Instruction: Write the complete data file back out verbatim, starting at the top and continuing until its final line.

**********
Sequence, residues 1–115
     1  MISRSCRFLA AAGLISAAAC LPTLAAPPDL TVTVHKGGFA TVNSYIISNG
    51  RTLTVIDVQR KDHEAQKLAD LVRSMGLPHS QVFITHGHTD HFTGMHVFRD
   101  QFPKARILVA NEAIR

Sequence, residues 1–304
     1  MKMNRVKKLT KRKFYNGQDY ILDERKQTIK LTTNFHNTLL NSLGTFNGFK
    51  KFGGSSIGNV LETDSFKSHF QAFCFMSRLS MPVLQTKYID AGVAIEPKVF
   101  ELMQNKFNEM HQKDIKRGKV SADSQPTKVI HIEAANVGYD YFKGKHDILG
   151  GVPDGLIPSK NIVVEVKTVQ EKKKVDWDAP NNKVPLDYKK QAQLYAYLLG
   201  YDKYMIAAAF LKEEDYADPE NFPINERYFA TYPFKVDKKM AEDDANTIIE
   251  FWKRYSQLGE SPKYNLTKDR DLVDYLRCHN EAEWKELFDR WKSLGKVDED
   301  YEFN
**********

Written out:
Sequence, residues 1–115
     1  MISRSCRFLA AAGLISAAAC LPTLAAPPDL TVTVHKGGFA TVNSYIISNG
    51  RTLTVIDVQR KDHEAQKLAD LVRSMGLPHS QVFITHGHTD HFTGMHVFRD
   101  QFPKARILVA NEAIR

Sequence, residues 1–304
     1  MKMNRVKKLT KRKFYNGQDY ILDERKQTIK LTTNFHNTLL NSLGTFNGFK
    51  KFGGSSIGNV LETDSFKSHF QAFCFMSRLS MPVLQTKYID AGVAIEPKVF
   101  ELMQNKFNEM HQKDIKRGKV SADSQPTKVI HIEAANVGYD YFKGKHDILG
   151  GVPDGLIPSK NIVVEVKTVQ EKKKVDWDAP NNKVPLDYKK QAQLYAYLLG
   201  YDKYMIAAAF LKEEDYADPE NFPINERYFA TYPFKVDKKM AEDDANTIIE
   251  FWKRYSQLGE SPKYNLTKDR DLVDYLRCHN EAEWKELFDR WKSLGKVDED
   301  YEFN